Since the election of President Donald Trump, businesses operating in the United States and throughout the Americas have had to rethink their communications strategies and corporate positioning in reaction to the president’s unpredictable communications style, especially his avid use of Twitter to shine a public spotlight on people and companies.

Trump can have a significant impact on a targeted company’s stock price, reputation and ability to do business. His words also can impact foreign currencies, as demonstrated by the volatility of the Mexican peso since Trump took office.

Even positive attention from the president can have unexpected consequences: a “thank you” tweet from Trump to L.L. Bean, for example, prompted some customers to boycott the brand, and companies operating on both sides of the Mexican-U.S. border have had to walk a tight rope to ensure they are not viewed as supportive of the president’s views about NAFTA or border security by employees and customers in both countries who oppose the president’s views.

We have entered a new age of corporate activism, where activists targeting companies could be in the White House, or could be customers or employees, empowered by social media

Many companies are finding, however, that it is either impossible or undesirable to avoid publicly engaging the administration’s actions. Some corporate leaders publicly denounced Trump’s “immigration ban” earlier this year, while others were unwittingly pulled into the fray. For example: despite taking no immediate stance on the issue, car-service-giant Uber was perceived by some customers as trying to break a taxi strike being conducted in protest at New York’s JFK airport. Although the company has since said it was not in support of Trump’s executive order, it did not stop the hashtag #DeleteUber from quickly trending on Twitter, and eventually public pressure forced Uber CEO Travis Kalanick to resign from President Trump’s business advisory council.

We have entered a new age of corporate activism, where activists targeting companies could be in the White House, or could be customers or employees, empowered by social media. In such a combustible environment, even non-involvement can be interpreted as picking a side, which means companies may not be able to avoid the spotlight, or expect it to pass over them quickly.

KYA – KNOW YOUR AUDIENCE

In this new age of “activism everywhere,” businesses must identify their vulnerabilities to Trump-era activism: the tweets, comments and executive orders that would impact them and their relationships with key constituents. This starts with evaluating the make-up of the company’s own customer and employee bases. Who are these people, where do they live, what issues may activate them, and how do they communicate?

Uber again provides an instructive example: its users are highly likely to be younger and more urban, therefore more likely to disagree with the president’s policies, and to be active on social media. Most importantly, their relationship with the company is solely through a smartphone’s app, and can easily be severed with the press of a button. Similarly, Uber drivers, some of whom are immigrants themselves, are part-time employees who can easily jump ship to competing companies with relatively little consequence.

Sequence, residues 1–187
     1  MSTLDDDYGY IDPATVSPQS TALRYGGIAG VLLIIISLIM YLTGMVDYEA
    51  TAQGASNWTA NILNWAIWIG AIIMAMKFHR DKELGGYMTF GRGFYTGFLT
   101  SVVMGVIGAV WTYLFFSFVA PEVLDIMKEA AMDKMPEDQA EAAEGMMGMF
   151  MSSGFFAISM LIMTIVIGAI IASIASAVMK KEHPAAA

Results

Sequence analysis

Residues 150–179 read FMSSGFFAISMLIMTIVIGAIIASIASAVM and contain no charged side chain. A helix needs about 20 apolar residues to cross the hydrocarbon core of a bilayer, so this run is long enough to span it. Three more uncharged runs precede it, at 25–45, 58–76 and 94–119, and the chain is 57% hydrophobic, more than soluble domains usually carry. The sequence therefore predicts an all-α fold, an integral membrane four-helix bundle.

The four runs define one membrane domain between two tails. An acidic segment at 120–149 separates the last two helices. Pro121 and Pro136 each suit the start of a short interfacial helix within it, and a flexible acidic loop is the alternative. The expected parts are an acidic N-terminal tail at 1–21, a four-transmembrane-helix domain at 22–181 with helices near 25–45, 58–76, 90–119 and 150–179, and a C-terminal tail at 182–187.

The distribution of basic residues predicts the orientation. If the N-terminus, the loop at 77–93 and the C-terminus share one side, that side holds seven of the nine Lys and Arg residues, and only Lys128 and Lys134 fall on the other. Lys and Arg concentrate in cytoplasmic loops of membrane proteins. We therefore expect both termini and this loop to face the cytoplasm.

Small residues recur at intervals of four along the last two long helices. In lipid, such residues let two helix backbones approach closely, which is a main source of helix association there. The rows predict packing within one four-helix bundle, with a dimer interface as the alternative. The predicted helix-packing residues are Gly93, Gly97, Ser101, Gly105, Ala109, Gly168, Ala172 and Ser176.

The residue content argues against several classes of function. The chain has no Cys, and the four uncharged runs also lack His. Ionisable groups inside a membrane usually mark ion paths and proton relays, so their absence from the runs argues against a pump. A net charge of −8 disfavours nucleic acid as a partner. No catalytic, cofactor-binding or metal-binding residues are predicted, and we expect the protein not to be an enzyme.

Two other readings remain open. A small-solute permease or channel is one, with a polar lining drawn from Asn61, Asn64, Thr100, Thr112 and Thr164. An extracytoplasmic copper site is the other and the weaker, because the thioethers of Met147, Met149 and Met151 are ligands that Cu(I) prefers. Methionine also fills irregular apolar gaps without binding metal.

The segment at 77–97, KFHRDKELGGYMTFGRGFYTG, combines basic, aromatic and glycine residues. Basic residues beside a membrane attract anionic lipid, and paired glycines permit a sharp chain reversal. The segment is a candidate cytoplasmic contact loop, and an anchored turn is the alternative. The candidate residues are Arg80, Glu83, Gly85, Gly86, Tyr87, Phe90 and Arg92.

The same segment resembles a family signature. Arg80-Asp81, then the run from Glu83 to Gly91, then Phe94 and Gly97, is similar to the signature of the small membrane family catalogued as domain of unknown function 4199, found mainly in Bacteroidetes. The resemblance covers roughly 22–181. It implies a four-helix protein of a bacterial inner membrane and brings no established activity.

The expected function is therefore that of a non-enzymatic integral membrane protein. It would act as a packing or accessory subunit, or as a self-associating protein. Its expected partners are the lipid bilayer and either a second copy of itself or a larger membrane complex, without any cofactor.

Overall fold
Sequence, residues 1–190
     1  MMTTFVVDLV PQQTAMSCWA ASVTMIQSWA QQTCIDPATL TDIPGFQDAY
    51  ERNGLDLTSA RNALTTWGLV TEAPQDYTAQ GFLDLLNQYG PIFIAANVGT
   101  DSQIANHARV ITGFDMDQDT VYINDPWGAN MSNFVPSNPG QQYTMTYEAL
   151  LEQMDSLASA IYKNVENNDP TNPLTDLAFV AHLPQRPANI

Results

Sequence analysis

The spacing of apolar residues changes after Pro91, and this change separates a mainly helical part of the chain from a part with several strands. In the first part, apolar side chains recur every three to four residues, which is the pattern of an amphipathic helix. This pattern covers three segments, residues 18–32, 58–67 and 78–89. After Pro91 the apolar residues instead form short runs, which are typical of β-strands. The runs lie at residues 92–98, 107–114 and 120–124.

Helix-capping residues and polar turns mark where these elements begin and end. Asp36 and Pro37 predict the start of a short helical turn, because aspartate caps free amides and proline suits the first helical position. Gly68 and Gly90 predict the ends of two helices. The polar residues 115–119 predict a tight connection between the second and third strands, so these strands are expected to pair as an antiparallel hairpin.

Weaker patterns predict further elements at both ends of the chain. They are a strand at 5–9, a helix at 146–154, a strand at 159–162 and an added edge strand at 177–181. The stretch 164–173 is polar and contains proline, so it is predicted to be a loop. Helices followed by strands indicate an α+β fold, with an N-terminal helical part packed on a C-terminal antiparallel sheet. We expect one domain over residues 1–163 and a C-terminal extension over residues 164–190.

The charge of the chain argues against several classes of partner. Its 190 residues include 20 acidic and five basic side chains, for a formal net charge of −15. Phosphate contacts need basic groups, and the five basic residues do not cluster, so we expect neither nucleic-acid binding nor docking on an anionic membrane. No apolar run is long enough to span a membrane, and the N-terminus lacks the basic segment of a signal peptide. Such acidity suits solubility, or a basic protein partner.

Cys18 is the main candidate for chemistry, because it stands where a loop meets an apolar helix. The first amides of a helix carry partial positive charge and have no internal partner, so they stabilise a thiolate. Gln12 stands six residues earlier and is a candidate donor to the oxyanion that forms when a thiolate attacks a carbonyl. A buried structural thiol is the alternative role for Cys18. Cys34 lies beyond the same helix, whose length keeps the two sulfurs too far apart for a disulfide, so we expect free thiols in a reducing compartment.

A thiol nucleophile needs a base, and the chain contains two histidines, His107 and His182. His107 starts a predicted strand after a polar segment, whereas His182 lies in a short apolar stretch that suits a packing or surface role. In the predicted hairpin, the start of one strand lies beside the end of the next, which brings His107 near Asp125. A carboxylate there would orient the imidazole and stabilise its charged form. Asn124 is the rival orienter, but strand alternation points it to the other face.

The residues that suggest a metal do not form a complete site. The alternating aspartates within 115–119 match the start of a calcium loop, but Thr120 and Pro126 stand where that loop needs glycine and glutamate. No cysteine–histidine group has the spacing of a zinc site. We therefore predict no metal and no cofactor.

By contrast, Airbnb promised to give free housing to refugees and started a #WeAccept campaign. This is the same company that within the past year was the subject of a New York Times article called, “Does Airbnb enable racism?” Clearly, Airbnb saw an opportunity to realign how it is perceived by its mobile, diverse and tech-savvy clientele, even at the risk of alienating those who support limiting immigration.

The goal should be to identify the issues to which customers or employees might react negatively, and the measures they might  take to communicate their discontent

PLAN FOR THE UNLIKELY

In the new Trump-era of “activism everywhere,” companies should be conducting scenario planning and tabletop simulations to a wide array of challenges, including some that might seem unlikely. In each possible case, the goal should be to identify the issues to which customers or employees might react negatively, and the measures they might take to communicate their discontent.

To develop, play out and maintain these scenarios will require some research, the assembly of a team of outside advisors with relevant insights and active traditional and social media, monitoring to flag potentially relevant issues and public sentiment about them. Such planning should also include consideration not just of how constituencies might react but also what channels companies should use to reach them. And companies should be armed with the facts about their presence in the United States–e.g., how many people does it employ, how many customers does it have, and what philanthropic endeavors does it support in the country.

Since there is no neutral ground these days, every company needs to be prepared for action, even if it intends to stay silent, and believes it would never be targeted or involved in a Trump-related public controversy. Not to be prepared would be, in the words of a certain someone in D.C., sad.